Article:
Lake Taupo, and maybe a little extra.

Trip Start Oct 01, 2007
Trip End May 07, 2008

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Flag of New Zealand  ,
Saturday, December 29, 2007

Weather permitting..... who knows.

From Rotorua we spent about 45 minutes cruising to Lake Taupo and the town of Taupo on it's shores. Again the road down was dotted with advertising for all kinds of adrenaline sports and activities. They're just mad for it over here. Like lake Rotorua there's lots of Airplanes and helicopters buzzing around all day long. The skies of New Zealand have to be some of the most populated skies in the world with all manner of light aircraft and helicopters. We booked into another "Top Ten" campsite (a chain of camper sites throughout New Zealand) and headed out for the day to check out the town and activities. The truth is we were only here for one reason and it was time to bite the bullet and get on with it so off to the airfield outside of town we headed. We had earmarked a company back in Auckland called Taupo tandem skydives. With the weather so nice and not a cloud in the sky for the next two days we figured what else would you do. So after a brief chat with a couple of the girls working there (one from Sligo) we signed up for first thing in the morning and headed home with beating hearts.

Next morning we got up and headed out to the airfield to have breakfast and a few moments of relaxation before we went into the TTS offices. Just signing up is the hardest part as we found out when we headed in for our kit fitting and briefing. We had signed up for the 15,000 foot tandem with an instructor which included a full 60 second freefall. After a little bit of standing around we met our Tandem masters and our own individual camera men or in my case a girl. Lou got Albert (tandem master) from Germany and Andy (camera man) from New Zealand while I got Ian (tandem master) from Wales and a girl who's name I cannot pronounce or spell from Japan. They kitted us up and gave us all the instructions we needed. Basically all we had to do was get in the plane and smile. They do absolutely everything else which leaves you with only your nerves to concentrate on. Everything from walking in to loading up in the plane took about 35 minutes. Which is good for anyone who is absolutely bricking it cause I doubt you'd have much time to think of anything.

So into the plane we jumped past the smell of engine fumes and we all shuffled into our places in front of our TM's all snug with the camera men and women sitting on the floor at the tail of the plane. They video eveything for your DVD from getting kitted up to your landing so we were all sat in the narrow plane bunched fairly close together awaiting our exit 25 minutes later at 15000 feet. Most of the TM's and camera operators are pretty mad in the head and they were passing around a handycam getting our faces and reactions on it. Poor Lou had been placed right beside the door (which was closed for the ascent) but which meant she was most likely first out. You don't get to choose really. It just happens that way. So after some sightseeing over Lake Taupo and beyond we had finally reached our height and the door was swung open. Up shuffles Lou in front of her TM and before you know it they're out the door followed straight after by the other four of us in the plane. Holy jeebus. Lou was on her knees before she exited as she had a tall TM but my TM was a little smaller and stockier (meaning he could stand in the door) so he decided to hold me hanging out of the plane for a second before we went flying. Lou lost her breath at the door on exit and until she came out of the initial tumble. I just shouted "Holy Fuck"!! We had been told that we may feel disoreientated for about 5-10 seconds at first but neither me or Lou felt that. From about two seconds in we were laughing shouting and loving every minute of it. Falling at 200km ph is an unbelievable rush. The camera people fly in and around you and come up to shake your hand and give you high fives. We tried sticking out our tongues for camera shots but it dried up in the wind so quickly you couldn't keep it out for fear of it sticking to your lip. Our cheeks were sore from laughing and smiling and not to mention the clown faces the wind impresses on you at 200 km an hour. Even if you wanted to make your own funny face you'd probably end up looking normal again. There's a monumental amount of things we would love to do during the freefall if we could afford to do it again on this trip because 60 seconds goes by far to quick. Before you know it you can feel the tug of the parachute and the camera people shoot off below and you're flying 5000 feet up. 10,000 feet dropped in 60 seconds. Absolutely awesome. After the freefall the parachuting is just a chance to relax and take in the view. Lou didn't much like the swirling around as she found it dizzying but once her ears popped she was fine. In my case I spent half the time talking shit to the TM and using words like "awesome" and "thanks Ian" far to much. I couldn't help it I was so giddy. Lou landed first on her bum in the grass followed a couple of seconds later by me again on me ass!  Probably the first time either of us wanted our "two feet on the ground"! After a big hug and high fives we all took our last photo for the DVD and headed in to get undressed and wait on our DVD's and photos. I'm hooked and we'll deffo be looking into doing it again if the funds will allow. Easily the best activity we've done this trip or to date for that matter.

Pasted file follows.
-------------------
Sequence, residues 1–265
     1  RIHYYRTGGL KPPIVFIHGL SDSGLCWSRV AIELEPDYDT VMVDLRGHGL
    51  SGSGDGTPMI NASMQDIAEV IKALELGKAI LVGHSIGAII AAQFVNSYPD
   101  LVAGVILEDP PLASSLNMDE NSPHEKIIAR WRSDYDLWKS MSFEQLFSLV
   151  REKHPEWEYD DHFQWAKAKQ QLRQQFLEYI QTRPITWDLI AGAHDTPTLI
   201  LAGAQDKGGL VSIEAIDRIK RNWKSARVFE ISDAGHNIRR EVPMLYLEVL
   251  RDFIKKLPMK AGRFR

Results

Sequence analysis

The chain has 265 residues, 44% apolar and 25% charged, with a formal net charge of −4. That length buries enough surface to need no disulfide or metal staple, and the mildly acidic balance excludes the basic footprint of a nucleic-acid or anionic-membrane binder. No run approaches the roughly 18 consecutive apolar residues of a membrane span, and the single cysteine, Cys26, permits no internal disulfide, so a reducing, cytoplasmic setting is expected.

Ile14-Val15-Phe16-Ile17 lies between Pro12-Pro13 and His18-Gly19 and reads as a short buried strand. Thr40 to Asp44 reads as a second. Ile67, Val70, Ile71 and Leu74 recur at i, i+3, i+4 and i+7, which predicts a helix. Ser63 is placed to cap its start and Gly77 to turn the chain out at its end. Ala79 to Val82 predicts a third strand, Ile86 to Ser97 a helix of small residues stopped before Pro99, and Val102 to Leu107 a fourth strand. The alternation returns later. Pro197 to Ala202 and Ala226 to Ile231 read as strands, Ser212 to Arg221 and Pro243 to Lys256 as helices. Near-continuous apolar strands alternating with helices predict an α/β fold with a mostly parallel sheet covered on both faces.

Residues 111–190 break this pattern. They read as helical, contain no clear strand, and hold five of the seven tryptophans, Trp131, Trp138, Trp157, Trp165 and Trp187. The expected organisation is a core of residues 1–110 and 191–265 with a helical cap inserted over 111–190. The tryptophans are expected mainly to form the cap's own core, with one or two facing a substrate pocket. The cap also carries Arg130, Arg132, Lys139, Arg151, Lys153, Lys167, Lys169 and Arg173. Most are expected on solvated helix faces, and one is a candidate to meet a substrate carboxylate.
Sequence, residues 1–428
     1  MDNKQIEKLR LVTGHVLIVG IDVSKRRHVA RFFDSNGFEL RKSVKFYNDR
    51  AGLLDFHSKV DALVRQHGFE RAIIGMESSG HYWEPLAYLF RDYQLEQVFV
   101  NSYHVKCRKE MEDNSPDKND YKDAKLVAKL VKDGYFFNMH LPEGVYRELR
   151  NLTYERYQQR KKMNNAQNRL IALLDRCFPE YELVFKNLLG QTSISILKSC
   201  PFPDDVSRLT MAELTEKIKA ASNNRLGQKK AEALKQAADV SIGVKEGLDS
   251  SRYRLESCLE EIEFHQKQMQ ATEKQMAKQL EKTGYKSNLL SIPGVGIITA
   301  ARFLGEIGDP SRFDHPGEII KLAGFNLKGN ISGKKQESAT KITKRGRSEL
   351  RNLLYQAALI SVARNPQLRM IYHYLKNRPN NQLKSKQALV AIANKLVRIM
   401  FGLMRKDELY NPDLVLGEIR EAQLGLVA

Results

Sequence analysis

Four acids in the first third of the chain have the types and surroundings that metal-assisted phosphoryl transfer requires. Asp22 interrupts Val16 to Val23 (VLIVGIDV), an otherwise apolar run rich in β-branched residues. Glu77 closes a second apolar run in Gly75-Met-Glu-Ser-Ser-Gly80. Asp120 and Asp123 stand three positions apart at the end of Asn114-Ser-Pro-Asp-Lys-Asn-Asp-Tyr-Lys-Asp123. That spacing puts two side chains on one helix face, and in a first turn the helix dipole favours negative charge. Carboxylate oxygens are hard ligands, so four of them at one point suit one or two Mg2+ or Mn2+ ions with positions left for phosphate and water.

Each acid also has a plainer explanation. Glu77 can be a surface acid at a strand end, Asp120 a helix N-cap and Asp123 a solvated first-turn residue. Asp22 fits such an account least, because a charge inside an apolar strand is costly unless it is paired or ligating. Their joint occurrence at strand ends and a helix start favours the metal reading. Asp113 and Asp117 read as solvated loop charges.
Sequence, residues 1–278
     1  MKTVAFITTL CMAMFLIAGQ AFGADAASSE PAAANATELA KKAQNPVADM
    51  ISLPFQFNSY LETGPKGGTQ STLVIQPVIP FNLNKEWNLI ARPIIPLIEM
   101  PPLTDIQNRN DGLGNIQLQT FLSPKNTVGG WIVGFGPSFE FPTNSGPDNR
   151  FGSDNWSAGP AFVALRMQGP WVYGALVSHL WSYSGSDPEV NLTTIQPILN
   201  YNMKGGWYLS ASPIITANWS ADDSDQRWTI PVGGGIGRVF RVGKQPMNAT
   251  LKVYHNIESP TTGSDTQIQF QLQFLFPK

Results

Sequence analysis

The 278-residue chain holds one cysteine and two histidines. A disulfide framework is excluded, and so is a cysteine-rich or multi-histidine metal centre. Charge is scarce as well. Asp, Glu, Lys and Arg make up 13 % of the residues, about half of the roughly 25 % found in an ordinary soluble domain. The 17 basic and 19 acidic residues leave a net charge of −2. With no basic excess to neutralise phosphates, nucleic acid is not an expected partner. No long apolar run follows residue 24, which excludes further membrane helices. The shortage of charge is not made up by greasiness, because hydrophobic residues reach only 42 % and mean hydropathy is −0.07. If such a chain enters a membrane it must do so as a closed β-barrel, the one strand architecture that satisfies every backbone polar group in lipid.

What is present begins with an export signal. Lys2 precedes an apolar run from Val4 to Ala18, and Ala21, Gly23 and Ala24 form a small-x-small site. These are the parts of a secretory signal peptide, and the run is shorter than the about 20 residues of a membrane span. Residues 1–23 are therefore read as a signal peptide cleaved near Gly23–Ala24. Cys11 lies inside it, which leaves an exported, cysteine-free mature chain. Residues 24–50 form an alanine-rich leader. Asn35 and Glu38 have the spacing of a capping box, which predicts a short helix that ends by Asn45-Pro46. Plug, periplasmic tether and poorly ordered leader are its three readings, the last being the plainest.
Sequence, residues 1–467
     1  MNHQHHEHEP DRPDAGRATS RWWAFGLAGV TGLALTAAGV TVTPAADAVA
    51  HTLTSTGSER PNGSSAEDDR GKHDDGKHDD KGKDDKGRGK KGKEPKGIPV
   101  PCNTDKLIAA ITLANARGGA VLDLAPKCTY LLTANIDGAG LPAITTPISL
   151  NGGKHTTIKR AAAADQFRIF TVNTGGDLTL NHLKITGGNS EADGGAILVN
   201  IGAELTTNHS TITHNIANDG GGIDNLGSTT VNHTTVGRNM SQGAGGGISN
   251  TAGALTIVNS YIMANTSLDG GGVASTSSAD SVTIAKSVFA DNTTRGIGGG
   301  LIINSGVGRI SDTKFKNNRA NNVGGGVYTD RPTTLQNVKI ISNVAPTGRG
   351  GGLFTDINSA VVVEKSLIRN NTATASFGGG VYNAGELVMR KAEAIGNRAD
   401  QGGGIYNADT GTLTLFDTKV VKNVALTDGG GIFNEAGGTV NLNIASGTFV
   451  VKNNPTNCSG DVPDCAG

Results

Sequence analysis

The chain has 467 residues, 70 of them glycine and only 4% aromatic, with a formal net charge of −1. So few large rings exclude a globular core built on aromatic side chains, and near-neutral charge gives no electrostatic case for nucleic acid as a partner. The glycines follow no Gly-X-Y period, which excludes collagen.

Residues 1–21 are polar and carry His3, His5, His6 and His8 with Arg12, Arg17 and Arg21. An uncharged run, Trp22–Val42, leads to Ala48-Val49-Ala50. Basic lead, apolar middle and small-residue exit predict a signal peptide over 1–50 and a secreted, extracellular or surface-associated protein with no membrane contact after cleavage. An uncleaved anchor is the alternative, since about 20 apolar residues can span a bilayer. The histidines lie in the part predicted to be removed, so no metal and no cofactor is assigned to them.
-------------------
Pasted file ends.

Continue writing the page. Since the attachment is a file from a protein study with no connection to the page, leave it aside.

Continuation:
We spent the rest of the day chilling by the lake on the beach talking and trying to remember the feeling of flying like a bird....... What more could you do after that but hit the lake for a swim. It was after all, 26 degrees, and we needed cooling down after all that excitement.
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